March Madness 2012: 5 Teams Guaranteed to Exit Early
Ah yes, it’s that time of year again!
The most magical event of the sports world is set to soon take place, and it seems like all anybody can talk about is the NCAA tournament.
One of the great perks of college basketball’s postseason—besides how awesome the format is (college football, take a hint)—is that anyone, no matter their level of actual basketball talent, can partake in all the madness of March by predicting what the outcomes will be at every level of the tournament.
As you probably already know, bracket filling is a sensation that begins once the selection committee unveils which teams will soon begin their quest to become national champions, and where their first challenge to that quest will be located, and ends once the brackets are locked at the start of the second round.
It’s become such an integral part of our culture that even the President fills out his very own bracket.
While there is no perfect science or methodology that can provide a person with an infallible bracket that is the envy of all who stand before it, there are helpful sources of information to help one at least begin moving in the direction of bracket dominance.
This article hopes to do that by highlighting five teams that will likely fail to live up to expectations and exit the tournament earlier than planned.
Of course, almost every NCAA tournament is filled with improbable events and occurrences, so every piece of bracket selection advice you hear should be taken with a grain of salt.
Actually, let’s take that grain and turn it into a pound.
Without further ado, here are five teams that will fail to meet expectations in this year’s tournament.
Indiana (25-8), No. 4 Seed—South Region
Andy Lyons/Getty Images
Indiana’s 2011-12 season has seen two very different versions of the Hoosier squad.
At home, they were 19-1 with victories over Kentucky, Ohio State, Michigan and Michigan State. Away from historic Assembly Hall, however, they were much less effective with a 6-7 record, including losses to Iowa and Nebraska.
The other major impediment to their tournament success is the loss of senior point guard Verdell Jones III, who went down with an ACL tear in the team’s opening game of the Big Ten Tournament against Penn State. Jones had helped the Indiana program return to the Big Dance for the first time since 2008 with his solid leadership and distributing.
While he didn’t finish the season as the team’s leading assist man, it’s difficult to overlook just how important a role floor leadership from a senior point guard can play in the madness that is March. Indiana has a solid roster that could potentially make a deep run, but they’re sure to miss the presence of Jones, especially in tight late-game situations.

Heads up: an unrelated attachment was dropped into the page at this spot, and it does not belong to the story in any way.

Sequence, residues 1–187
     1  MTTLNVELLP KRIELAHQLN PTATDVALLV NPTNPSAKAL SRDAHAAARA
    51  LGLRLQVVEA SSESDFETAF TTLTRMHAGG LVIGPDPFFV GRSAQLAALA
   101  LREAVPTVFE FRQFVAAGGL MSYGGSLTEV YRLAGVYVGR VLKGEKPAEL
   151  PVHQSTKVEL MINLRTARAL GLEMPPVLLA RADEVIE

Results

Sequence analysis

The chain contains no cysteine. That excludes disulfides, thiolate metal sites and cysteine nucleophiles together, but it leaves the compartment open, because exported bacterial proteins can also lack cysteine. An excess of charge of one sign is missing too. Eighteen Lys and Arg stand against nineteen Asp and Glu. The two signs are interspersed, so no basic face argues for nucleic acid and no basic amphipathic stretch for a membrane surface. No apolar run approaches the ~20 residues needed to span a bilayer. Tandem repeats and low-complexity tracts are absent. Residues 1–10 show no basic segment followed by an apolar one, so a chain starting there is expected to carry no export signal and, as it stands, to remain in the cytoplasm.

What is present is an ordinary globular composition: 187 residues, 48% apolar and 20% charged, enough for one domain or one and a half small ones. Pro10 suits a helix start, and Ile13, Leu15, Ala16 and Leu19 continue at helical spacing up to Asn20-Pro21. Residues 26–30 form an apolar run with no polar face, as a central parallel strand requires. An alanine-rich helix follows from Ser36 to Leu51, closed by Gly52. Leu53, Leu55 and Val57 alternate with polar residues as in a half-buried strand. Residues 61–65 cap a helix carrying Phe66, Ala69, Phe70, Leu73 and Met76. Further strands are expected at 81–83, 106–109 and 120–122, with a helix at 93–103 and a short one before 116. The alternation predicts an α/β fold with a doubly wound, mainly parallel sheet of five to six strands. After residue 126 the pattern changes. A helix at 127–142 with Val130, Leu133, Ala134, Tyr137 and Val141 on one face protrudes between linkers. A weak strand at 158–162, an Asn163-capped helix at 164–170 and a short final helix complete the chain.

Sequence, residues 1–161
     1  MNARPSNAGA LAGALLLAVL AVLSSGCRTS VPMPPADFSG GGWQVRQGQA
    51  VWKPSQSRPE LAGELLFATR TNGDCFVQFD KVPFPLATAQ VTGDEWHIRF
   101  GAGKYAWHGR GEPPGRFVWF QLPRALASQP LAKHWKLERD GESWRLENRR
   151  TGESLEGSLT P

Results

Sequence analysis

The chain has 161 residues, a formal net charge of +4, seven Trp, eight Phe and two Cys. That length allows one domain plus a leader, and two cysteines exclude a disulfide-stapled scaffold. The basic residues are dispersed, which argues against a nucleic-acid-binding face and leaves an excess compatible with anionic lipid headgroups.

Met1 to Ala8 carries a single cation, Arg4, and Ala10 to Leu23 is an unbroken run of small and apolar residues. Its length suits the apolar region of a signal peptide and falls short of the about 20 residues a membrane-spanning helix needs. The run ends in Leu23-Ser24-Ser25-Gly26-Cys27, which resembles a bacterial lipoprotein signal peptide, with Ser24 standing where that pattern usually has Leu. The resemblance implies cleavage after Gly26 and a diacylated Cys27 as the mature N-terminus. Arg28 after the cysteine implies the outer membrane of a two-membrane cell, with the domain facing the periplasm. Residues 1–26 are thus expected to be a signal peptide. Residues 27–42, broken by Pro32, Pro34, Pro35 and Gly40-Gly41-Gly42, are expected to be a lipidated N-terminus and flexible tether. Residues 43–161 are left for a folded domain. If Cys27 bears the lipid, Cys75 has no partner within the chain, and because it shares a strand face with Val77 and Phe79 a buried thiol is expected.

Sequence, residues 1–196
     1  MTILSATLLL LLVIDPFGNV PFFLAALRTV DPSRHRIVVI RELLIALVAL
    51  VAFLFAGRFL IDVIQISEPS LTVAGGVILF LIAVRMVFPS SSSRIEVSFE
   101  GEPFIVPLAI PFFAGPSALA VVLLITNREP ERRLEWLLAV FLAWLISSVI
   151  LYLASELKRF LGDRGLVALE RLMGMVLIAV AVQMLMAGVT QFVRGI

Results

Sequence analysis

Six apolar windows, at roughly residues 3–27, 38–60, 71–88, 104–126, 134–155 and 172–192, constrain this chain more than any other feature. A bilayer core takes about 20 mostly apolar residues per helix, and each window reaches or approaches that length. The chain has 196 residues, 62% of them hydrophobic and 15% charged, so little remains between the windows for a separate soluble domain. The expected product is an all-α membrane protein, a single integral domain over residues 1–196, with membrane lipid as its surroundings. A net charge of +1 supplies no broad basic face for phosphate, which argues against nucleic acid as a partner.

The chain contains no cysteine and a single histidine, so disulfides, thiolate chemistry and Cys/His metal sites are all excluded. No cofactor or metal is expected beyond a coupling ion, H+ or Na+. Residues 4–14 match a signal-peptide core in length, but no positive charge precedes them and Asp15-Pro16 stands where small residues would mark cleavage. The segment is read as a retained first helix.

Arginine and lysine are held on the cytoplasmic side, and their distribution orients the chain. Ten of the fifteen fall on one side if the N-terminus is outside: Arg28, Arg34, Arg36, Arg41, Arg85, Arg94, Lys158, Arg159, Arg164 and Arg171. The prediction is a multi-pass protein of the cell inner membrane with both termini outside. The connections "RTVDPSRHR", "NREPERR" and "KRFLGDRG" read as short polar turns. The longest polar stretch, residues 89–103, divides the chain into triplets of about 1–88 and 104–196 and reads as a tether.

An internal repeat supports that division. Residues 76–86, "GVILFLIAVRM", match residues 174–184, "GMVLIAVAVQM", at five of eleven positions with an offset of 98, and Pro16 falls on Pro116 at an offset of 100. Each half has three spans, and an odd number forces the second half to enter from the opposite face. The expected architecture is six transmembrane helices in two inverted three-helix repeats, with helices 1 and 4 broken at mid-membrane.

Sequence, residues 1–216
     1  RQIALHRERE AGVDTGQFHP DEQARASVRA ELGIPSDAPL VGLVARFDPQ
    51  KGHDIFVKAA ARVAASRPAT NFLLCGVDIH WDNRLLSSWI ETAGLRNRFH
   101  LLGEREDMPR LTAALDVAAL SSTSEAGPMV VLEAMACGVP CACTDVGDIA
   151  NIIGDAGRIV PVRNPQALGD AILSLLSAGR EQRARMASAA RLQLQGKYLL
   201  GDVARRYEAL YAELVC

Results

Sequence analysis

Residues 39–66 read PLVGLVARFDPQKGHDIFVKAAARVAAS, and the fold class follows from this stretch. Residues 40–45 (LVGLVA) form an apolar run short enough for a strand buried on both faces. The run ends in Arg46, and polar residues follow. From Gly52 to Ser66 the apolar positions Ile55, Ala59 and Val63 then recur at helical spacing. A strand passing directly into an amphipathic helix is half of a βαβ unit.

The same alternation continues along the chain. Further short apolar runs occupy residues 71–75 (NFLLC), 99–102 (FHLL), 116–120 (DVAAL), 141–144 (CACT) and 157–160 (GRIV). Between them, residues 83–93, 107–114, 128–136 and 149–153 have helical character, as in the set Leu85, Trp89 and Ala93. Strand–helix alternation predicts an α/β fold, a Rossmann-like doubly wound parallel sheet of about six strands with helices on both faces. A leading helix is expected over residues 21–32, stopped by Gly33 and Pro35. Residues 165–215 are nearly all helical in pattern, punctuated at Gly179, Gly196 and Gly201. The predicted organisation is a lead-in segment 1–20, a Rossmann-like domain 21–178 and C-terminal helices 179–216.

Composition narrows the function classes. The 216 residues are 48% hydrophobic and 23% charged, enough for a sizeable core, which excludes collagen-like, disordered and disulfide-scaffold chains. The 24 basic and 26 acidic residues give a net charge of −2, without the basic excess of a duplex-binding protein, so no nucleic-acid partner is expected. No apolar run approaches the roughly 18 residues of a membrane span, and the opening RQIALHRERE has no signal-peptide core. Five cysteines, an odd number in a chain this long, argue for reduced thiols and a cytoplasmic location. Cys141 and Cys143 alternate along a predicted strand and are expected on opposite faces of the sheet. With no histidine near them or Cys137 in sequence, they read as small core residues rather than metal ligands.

Their second-round matchup against the 26-9 New Mexico State Aggies will be anything but a cakewalk. The Aggies are led by senior forward Wendell McKines, who is a powerful inside presence that can stretch the floor and get Cody Zeller into foul trouble.
A potential third-round matchup against either Wichita State or VCU could also spell trouble for the Hoosiers. Both teams like to constantly pressure the ball and prevent teams from comfortably running their offense.
My exit point for Indiana: Third Round
Louisville (26-9), No. 4 Seed—West Region
Chris Trotman/Getty Images
While Louisville can take solace in the fact that Stephen Curry is in the NBA, they still have face a Wildcat squad that has the nation’s 12th highest scoring offense at 78.4 points per game and five players with double-digit scoring averages—led by forward De’Mon Brooks.
Davidson played a good non-conference schedule—highlighted by contests against Duke, Vanderbilt and Kansas—and even defeated Kansas 80-74 back in December in what was essentially a home game for the Jayhawks, as it took place in Kansas City (about a 30-minute drive from their campus in Lawrence).
The Wildcats will surely not be intimidated by anybody.
Louisville will likely apply constant full court pressure on Davidson’s guards to try taking them out of their comfort zone. If the Wildcats are able to break down Louisville’s defense, look for them to fire away from three-point range—since they were 19th in the country this season for three-pointers attempted, averaging about 23 per game.
In the NCAA tournament, free throw shooting always looms large. If Davidson and Louisville are in a neck and neck contest, the advantage goes to the Wildcats. Davidson has the country’s ninth best free throw percentage at 76.6, while Louisville is ranked 196th at 68.6 percent.